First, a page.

Rates of misdiagnosis were also assessed. Misdiagnosis was defined as a condition being diagnosed either pre- or postnatally after a negative test result from PGD/PGS.
To make a comparison between PGD/PGS and IVF treatment alone the researchers created a control group using records of recipients of ICSI sperm implantation, the technique used on all PGD/PGS subjects prior to testing. These records were collected between 1991 and 1999 from 2,889 recipients of ICSI at a single centre. Using this type of ‘historical’ control group has limitations because techniques used in IVF may have changed over time, which means that variations in ICSI technique may account for the differences seen between the groups rather than the PGS/PGD itself.
What were the basic results?
The researchers found there was no difference between PGS and PGD in terms of outcomes for foetuses or children. On this basis, the researchers grouped all of the PGD/PGS pregnancies and births together into a single treatment group. This treatment group of 581 delivered children was compared with a control group of 2,889 children who had been delivered following ICSI sperm injection alone. The data on this control group came from children delivered between 1991 and 1999.
There was no difference between the control group and treatment group in terms of length of pregnancy, birth weight or whether the infants had major malformations. The overall rates of major malformations were 2.13 % in the PGD/PGS group and 3.38% in the ICSI group. Babies from multiple pregnancies that had received PGS/PGD were more likely to have a low birthweight than the ICSI alone group (odds ratio [OR] 1.71, 95% confidence interval [CI] 1.21 to 2.39).
For singleton pregnancies, there was no difference between the treatment group and the control group in terms of rate of death at around the time of birth (perinatal death rate).
However, for multiple pregnancies the risk of perinatal death was greater in the treatment group: the death rates for multiple pregnancies was 11.73% in the PGD/PGS group and 2.54% in the ICSI alone group (OR 5.09, 95% CI 2.80 to 9.90). When combining single and multiple pregnancies, the total death rate was 4.46 % in the treatment group and 1.78% in the control group (OR 2.56, 95% CI 1.54 to 4.18).
Only one of the 170 foetuses/children that received PGD had a negative test result disproved by prenatal or postnatal re-testing. Of the 56 PGS children who were re-tested, none had chromosomal abnormalities.
How did the researchers interpret the results?
The researchers concluded that the embryo biopsy required for PGD or PGS does not seem to change the risk of major malformations, nor does it appear to add risks to the health of newborn singleton PGD/PGS children. However, the researchers added that multiple PGD/PGS children were more often premature and of low birthweight, and there was an increased rate of death at around the time of birth. They say that they cannot yet explain this finding.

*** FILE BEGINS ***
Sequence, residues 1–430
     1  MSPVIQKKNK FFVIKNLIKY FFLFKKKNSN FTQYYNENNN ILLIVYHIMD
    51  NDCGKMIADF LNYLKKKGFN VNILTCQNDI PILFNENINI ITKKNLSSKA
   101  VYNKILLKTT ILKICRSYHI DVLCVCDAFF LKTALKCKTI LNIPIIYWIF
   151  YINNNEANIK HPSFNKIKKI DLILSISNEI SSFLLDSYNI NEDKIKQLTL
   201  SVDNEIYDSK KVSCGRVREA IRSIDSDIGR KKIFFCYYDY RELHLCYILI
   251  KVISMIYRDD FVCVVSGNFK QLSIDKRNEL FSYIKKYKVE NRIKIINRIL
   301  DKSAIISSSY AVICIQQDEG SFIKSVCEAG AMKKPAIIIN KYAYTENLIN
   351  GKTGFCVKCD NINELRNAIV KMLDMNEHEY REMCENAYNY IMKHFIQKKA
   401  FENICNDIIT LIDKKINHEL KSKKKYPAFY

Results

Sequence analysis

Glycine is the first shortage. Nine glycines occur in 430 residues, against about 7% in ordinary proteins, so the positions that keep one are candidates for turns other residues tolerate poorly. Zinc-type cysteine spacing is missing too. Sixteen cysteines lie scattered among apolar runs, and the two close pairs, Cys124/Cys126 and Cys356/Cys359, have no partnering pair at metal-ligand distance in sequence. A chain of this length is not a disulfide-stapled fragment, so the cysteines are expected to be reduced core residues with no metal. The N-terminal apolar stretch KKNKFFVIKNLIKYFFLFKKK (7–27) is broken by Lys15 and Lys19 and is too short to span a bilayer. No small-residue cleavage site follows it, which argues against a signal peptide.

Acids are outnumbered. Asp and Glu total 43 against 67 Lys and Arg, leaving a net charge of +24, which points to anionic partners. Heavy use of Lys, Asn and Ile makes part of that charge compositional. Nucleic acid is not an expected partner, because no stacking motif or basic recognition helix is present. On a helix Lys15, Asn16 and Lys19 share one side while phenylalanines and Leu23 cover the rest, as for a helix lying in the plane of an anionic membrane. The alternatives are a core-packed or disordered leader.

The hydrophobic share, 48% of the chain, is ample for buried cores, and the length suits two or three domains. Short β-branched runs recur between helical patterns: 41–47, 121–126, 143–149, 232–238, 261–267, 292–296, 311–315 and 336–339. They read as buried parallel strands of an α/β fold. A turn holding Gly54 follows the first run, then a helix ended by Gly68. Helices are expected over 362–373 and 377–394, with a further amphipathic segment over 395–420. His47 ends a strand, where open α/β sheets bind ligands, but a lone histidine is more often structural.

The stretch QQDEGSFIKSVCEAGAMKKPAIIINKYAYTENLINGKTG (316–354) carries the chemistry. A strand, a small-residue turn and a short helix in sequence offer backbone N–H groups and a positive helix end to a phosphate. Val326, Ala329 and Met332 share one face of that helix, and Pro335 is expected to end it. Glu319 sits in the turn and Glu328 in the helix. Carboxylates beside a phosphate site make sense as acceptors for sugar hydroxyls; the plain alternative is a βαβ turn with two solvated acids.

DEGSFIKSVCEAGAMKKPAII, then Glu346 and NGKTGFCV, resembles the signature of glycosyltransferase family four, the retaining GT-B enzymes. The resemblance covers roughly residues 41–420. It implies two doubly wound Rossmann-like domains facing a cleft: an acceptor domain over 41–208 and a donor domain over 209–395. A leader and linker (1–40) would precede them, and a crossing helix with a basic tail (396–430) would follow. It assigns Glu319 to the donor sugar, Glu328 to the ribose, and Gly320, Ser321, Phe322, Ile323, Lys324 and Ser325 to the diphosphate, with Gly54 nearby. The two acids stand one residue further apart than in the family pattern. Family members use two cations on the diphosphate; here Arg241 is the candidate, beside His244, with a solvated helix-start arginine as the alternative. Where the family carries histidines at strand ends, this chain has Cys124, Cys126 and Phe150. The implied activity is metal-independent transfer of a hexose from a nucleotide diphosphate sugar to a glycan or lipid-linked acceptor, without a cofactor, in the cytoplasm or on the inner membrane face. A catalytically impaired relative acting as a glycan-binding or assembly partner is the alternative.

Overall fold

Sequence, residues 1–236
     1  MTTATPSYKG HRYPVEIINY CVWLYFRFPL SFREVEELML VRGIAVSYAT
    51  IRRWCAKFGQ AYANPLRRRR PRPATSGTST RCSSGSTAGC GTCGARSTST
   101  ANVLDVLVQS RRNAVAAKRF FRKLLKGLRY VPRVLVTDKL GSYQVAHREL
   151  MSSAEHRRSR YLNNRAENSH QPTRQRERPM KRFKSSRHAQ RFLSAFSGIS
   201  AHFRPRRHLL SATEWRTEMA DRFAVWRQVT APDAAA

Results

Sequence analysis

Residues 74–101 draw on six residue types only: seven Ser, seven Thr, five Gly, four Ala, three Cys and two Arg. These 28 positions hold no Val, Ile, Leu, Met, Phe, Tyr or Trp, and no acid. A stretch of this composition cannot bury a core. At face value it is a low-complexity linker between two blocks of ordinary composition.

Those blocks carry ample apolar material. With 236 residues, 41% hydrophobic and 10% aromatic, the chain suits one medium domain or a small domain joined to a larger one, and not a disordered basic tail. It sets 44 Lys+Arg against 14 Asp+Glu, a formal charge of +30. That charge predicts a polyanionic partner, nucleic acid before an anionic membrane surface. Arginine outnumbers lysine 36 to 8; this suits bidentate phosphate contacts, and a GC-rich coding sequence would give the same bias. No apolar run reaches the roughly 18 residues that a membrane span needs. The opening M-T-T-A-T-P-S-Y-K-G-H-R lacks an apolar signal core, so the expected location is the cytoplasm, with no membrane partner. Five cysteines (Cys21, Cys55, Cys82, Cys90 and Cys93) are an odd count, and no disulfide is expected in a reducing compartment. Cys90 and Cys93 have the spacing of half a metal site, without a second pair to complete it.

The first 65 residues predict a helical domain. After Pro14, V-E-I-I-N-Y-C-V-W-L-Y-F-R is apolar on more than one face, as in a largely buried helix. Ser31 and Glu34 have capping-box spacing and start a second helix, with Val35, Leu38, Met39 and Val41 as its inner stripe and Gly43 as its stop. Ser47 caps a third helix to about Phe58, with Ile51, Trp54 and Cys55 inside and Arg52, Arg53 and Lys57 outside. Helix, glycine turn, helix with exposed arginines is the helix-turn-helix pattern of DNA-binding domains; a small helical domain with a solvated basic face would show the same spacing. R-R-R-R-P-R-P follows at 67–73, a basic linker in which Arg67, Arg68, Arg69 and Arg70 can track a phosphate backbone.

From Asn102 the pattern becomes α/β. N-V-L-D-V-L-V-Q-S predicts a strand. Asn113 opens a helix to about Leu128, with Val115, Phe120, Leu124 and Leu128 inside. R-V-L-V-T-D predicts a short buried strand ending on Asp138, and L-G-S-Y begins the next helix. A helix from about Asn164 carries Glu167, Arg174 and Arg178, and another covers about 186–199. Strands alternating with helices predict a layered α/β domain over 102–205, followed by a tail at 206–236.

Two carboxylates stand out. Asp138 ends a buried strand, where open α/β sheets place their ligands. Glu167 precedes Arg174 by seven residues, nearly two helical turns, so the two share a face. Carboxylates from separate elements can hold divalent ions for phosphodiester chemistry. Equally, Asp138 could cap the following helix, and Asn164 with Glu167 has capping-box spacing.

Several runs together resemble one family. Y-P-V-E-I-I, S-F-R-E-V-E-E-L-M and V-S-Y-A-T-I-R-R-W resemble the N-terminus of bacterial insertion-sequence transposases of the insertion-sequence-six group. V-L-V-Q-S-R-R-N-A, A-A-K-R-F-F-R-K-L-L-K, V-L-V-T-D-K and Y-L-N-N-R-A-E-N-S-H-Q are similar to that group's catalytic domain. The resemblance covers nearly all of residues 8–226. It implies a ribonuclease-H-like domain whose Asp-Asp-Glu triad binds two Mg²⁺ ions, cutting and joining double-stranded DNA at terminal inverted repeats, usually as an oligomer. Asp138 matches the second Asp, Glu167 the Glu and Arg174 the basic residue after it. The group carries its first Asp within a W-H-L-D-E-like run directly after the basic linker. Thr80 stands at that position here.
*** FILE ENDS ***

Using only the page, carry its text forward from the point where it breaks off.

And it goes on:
This study followed up children who had received embryonic screening as part of IVF, assessing its safety by comparing it with data on children that had been born following ICSI sperm injection alone. Although the follow-up of the children in the treatment group may have been thorough, there are several limitations:
- The study was relatively small and therefore may not detect small differences between groups.
- The study used prospectively gathered data on people given PGD/PGS between 1992 and 2005. It compared this with a historical dataset of children who had been born following ICSI alone between 1991 and 1999. Although both groups used the technique of ICSI sperm injection, the exact methods used may have been different due to changes in practice over time.
- The demographics and the medical histories of the parents in the treatment group and the control group may have been different. These differences may have contributed to the differences seen between the groups rather than the influence of PGD/PGS itself.
- The PGD children contained a larger proportion of girls than boys, and some of the diseases screened for were sex-linked diseases that primarily affect boys.
- The researchers followed up children until they were two months old. They suggest that longer-term follow-ups should be conducted.
- The study used data from one centre in Brussels. The exact methods of the procedures used may vary between centres. On this basis, the results may not be representative of what would be seen at other centres.
In light of their findings, the researchers suggest that the misdiagnosis rates of PGD and PGS are acceptably low and that the techniques do not add to the risks of singleton pregnancies. However, multiple pregnancies should be avoided owing to the increased risk of perinatal death. Current guidelines from the National Institute for Health and Clinical Excellence recommend that no more than two embryos are transferred during any one cycle of IVF to reduce the chances of multiple pregnancies.